is my last year,” Kyle said. “We have a pretty
good team. I think we’re going to do bet-
ter than last year. We’re taking it game-by-
http://www.ftmeade.army.mil August 29, 2013 SOUNDOFF! 13
Ravens’ Hometown Heroes
The Baltimore Ravens and Dietz Watson are joining forces to honor active-
duty service members and veterans at each of the Ravens’ 2013 home games.
Through their Hometown Hero program, the two partners will celebrate service
members of the greater Baltimore community, currently serving or retired, whose
bravery and strength make them deserving of special recognition.
Each week, one person will be chosen as that game’s Hometown Hero and
deliver the game ball to the NFL referee prior to kickoff. The hero also will
receive tickets to the game and pre-game sideline passes.
The Hometown Hero program is open to all current and former service
members from any military branch.
Throughout the season, fans can submit a friend or family member’s name,
contact information, service number and brief description about why they want to
honor that person at www.baltimoreravens.com/hometownhero.
Grand Prix discount
For a 10 percent discount on tickets for the Baltimore Grand Prix, enter the
code “DODGrandPrix” when purchasing online.
The discount is open to DoD employees and service members.
The Grand Prix will be held through Sept. 1 near Baltimore’s Inner Harbor.
New hours at the Lanes
The Lanes’ new hours are: Mondays, 4 to 10 p.m.; Tuesdays, 10 a.m. to 10
p.m.; Wednesdays, 10 a.m. to 10 p.m.; Thursdays, 10 a.m. to 11 p.m.; Fridays, 4
to 11 p.m.; Saturdays, 11 a.m. to 11 p.m.; and Sundays, 10 a.m. to 5 p.m.
The Lounge is open Monday to Saturday from 4:30 p.m. to 11 p.m.
For more information, call 301-677-5541.
EFMP Walking Group
The Exceptional Family Member Program Walking Group will meet Sept. 12
from 8:30 to 9:30 a.m. at Arundel Mills Mall for its monthly walking event.
All are welcome — strollers, too.
The group will meet at 8:15 a.m. in front of Best Buy inside the mall.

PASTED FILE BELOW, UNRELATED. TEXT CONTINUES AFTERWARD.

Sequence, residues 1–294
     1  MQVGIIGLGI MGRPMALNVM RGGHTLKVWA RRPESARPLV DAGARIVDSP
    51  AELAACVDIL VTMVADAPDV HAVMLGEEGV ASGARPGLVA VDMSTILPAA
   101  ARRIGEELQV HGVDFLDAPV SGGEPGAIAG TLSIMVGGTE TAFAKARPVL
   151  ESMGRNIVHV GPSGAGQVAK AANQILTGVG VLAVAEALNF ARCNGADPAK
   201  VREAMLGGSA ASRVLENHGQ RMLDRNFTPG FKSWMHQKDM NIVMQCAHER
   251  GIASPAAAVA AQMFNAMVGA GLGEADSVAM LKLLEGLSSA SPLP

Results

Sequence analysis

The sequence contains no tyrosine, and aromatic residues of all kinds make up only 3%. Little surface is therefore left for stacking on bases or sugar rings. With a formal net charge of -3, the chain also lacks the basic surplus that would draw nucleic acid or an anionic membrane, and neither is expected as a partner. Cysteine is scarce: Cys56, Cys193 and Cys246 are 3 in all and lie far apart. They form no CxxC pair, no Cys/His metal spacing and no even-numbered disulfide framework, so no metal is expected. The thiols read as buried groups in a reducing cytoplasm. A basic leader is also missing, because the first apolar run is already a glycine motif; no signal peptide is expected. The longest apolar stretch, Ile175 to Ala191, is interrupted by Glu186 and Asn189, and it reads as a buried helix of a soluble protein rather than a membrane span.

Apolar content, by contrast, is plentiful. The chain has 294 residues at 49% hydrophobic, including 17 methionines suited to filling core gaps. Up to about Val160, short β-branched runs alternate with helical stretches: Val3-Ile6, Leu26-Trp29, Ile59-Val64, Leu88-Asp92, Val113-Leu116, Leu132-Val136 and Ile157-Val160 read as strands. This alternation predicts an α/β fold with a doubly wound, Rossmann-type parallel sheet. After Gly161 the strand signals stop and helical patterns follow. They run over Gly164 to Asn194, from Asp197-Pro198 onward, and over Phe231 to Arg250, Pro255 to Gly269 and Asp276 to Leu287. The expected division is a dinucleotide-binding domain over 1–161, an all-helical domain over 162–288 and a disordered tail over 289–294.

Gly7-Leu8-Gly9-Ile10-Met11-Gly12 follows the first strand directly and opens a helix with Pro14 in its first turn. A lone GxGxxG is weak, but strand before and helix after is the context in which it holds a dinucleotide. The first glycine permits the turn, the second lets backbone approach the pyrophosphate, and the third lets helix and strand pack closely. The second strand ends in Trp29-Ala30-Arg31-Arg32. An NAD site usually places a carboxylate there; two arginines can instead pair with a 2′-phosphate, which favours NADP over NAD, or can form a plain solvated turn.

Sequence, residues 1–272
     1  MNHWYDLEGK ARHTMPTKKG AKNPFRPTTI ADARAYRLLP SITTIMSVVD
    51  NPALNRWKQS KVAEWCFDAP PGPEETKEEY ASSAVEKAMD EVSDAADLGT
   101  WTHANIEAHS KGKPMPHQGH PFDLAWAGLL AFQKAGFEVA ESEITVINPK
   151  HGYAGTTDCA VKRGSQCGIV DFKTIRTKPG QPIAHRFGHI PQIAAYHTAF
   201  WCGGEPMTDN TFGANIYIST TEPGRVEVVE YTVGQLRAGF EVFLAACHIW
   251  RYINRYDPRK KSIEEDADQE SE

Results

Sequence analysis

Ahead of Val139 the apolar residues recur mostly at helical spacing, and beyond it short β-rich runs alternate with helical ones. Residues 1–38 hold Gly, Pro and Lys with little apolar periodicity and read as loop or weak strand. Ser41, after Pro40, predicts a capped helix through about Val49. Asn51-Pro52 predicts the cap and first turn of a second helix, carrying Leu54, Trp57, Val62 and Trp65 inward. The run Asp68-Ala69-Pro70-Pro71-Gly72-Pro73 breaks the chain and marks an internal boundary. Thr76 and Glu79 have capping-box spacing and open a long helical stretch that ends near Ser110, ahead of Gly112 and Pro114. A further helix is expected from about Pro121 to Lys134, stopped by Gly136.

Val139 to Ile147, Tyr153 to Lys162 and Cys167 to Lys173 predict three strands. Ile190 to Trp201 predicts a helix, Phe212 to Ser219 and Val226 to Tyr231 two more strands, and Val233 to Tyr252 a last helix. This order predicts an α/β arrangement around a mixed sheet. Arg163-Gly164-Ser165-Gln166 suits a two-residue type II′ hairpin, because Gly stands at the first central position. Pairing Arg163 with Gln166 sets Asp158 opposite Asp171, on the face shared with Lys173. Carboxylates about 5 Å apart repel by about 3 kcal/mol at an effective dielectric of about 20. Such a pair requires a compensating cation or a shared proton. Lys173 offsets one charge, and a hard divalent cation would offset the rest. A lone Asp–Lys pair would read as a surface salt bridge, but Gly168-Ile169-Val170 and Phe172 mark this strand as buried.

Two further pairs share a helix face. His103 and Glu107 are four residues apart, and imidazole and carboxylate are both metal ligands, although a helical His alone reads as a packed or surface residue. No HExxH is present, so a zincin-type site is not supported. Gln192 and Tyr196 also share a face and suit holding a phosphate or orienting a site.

Registration is required.
To register, call LaToya Travis at 301-677-4473 or email firstname.lastname@example.org.
The Exceptional Family Member program is sponsoring its monthly
bowling event on Sept. 18 from 5:30 to 7 p.m. at the Lanes.
Exceptional family members will receive a free game and shoe rental. Other
family members will receive discounted games and shoe rental.
To register, call LaToya Travis at 301-677-4473 or email latoya.travis@
Football Fan Fare 5K and 1 Mile Walk
The installation’s annual Run Series continues Sept. 21 with a Football Fan
Fare 5K and 1 Mile Walk at 8 a.m. at Constitution Park.
The pre-registration cost for individuals is $15. Cost on the day of the run is
The pre-registration cost for groups of seven to 10 is $75.
The pre-registration cost is $45 for a family of three to six people.
All pre-registered runners will receive a T-shirt.
To pre-register, go to www.allsportcentral.com/EventInfo.cfm?EventID=46037
For more information, call 301-677-3867.
For more Fort Meade sports, visit quickscores.com/ftmeadesports.
Meade High School
Mustangs’ varsity football
• Glen Burnie, Sept. 6
• at South River, Sept. 12
• Old Mill, Sept. 20
• Chesapeake-AA, Sept. 27
• at Severna Park, Oct. 4
• at Southern, Oct. 11
• Annapolis, Oct. 17
• at North County, Oct. 25
• Broadneck, Nov. 1
• at Arundel High, Nov. 8
All games are played at 6:30 p.m.
Public Affairs Officer Chad T. Jones and his NFC predictions will
appear in next week’s Soundoff!
As always, if you have any comments about Jibber Jabber or
anything to do with the world of sports, e-mail chad.t.jones.
email@example.com or follow him on Twitter @ctjibber.
http://www.ftmeade.army.mil14 SOUNDOFF! August 29, 2013
Community News Notes
The deadline for Soundoff! community
“News and Notes” is Friday at noon.
All submissions are posted at the editor’s
discretion and may be edited for space and
grammar. Look for additional community
events on the Fort Meade website at www.
ftmeade.army.mil and the Fort Meade
Facebook page at facebook.com/ftmeade.
For more information or to submit an
announcement, email Philip Jones at philip.
firstname.lastname@example.org or call 301-677-5602.